Tallowwood – Eucalyptus microcorys
Other Names: Australian Tallowwood, Tee.
Distinctive Characteristics: This evergreen tree has soft, spongy, red-brown bark that is rough and fibrous, with surface pores and horizontal cracks. The base can form buttressed roots and burls. The special characteristic and name-giving feature is the greasy feel of the wood.
Distribution: Native to Australia, along the north coast of New South Wales near Newcastle to southeastern Queensland near Fraser Island, westward into higher altitudes of the Great Dividing Range. Elevation: sea level to 2,460 ft. (750 m).
Ecosystem: Tallowwood occurs mainly in tall, open forests in rainforest fringes on slopes, broad ridges, and sheltered valleys, sometimes forming over-stories, with Sydney Blue Gum, Blackbutt, Flooded Gum, White Mahogany, Silver-top Stringybark, Pink Bloodwood, White-Topped Box, Turpentine, and Brush Box. In drier forests, it occurs with Red Bloodwood, White Stringybark, and Grey Box.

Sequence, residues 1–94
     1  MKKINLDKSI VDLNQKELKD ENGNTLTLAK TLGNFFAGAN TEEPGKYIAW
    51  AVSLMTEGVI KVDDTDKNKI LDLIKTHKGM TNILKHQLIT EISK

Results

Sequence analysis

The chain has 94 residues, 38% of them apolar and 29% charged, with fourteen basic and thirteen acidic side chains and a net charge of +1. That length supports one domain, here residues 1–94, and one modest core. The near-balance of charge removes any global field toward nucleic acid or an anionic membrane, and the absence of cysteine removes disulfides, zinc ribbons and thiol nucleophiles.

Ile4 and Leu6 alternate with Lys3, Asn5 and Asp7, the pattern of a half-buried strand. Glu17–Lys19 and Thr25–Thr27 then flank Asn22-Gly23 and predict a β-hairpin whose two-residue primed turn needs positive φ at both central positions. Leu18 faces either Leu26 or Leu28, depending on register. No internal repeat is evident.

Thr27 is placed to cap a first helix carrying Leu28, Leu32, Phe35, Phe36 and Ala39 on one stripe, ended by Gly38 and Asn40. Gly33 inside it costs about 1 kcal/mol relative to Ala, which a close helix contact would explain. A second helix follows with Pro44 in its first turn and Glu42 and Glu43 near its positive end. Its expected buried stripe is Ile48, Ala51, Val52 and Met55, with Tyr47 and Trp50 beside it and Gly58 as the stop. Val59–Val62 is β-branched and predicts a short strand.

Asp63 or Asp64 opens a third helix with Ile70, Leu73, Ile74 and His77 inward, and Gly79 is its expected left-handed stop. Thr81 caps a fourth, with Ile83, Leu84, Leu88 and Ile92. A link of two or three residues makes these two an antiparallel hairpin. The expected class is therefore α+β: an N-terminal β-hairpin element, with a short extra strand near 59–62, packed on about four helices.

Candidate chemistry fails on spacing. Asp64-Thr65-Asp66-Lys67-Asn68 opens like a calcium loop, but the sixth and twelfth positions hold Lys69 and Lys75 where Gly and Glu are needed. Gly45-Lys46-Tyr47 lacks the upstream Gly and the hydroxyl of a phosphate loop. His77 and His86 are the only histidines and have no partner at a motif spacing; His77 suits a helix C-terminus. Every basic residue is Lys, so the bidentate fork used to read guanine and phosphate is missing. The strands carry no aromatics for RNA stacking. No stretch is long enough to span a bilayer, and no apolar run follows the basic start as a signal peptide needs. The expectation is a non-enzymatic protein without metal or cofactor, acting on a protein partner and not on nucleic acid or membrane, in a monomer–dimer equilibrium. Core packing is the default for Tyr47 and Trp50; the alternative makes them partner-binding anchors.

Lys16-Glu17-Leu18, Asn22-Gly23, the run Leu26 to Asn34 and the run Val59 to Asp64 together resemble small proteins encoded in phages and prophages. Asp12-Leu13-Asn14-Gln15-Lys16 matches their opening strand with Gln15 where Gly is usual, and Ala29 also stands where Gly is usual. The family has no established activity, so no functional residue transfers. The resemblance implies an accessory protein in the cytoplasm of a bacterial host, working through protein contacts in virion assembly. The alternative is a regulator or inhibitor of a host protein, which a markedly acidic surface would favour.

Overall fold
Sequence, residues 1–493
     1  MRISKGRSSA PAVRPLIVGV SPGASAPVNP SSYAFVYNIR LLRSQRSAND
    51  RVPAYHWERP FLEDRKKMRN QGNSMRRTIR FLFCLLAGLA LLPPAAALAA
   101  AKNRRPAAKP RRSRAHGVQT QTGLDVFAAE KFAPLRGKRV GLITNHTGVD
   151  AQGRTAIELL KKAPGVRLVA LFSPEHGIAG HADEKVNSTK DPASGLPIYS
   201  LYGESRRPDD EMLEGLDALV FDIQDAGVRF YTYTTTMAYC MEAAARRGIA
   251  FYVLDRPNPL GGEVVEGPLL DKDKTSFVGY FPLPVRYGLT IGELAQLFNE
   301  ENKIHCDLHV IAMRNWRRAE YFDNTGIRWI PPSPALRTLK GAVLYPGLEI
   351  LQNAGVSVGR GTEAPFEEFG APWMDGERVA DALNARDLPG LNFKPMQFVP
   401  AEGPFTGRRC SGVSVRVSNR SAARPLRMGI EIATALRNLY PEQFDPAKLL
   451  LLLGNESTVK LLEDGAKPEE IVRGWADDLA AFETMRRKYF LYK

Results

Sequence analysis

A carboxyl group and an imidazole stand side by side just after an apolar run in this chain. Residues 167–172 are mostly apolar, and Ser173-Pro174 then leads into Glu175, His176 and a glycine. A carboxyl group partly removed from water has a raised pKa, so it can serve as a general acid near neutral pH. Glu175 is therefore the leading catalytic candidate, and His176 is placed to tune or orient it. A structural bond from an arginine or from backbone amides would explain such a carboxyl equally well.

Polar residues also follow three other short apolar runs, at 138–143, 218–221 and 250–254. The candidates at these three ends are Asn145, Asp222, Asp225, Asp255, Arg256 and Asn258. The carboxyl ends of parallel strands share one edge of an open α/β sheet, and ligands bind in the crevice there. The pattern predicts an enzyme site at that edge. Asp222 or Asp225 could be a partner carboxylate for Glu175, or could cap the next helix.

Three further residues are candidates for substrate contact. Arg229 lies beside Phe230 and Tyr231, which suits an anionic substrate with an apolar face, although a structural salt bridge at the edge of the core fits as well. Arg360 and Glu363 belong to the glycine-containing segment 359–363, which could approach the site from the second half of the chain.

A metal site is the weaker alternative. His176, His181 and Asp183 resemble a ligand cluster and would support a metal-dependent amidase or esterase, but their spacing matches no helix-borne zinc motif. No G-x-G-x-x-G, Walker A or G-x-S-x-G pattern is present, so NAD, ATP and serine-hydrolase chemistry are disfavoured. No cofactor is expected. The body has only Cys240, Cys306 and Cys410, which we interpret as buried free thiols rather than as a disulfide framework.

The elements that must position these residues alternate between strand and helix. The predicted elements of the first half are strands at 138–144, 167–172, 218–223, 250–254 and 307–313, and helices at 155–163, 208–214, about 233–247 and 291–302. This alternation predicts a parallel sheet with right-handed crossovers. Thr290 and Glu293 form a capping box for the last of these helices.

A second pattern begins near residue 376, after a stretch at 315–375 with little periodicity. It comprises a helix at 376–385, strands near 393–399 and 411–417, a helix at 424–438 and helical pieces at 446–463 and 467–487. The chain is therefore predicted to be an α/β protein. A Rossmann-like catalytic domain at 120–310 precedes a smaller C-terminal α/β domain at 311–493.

Maximum Age: Estimated at over 300 years.
Maximum Height and Girth: 230 ft. (70 m) in height; 32 ft. (10 m) in circumference.
Animal Community: The nectar is consumed by bees, birds such as honeyeaters and lorikeets, and bats such as flying foxes. Koalas eat the leaves.
Fiber: The leaves were used to make dye.
Modern Uses: A favored hardwood timber, the durable, rot-resistant wood has been used in heavy bridge and mining construction, and to make carriages, railroad ties, poles, sills, wheel spokes, tool handles, outdoor furniture, landscaping, fencing, joinery, boats, plywood, flooring, and decking.
Threats and Conservation: Not threatened.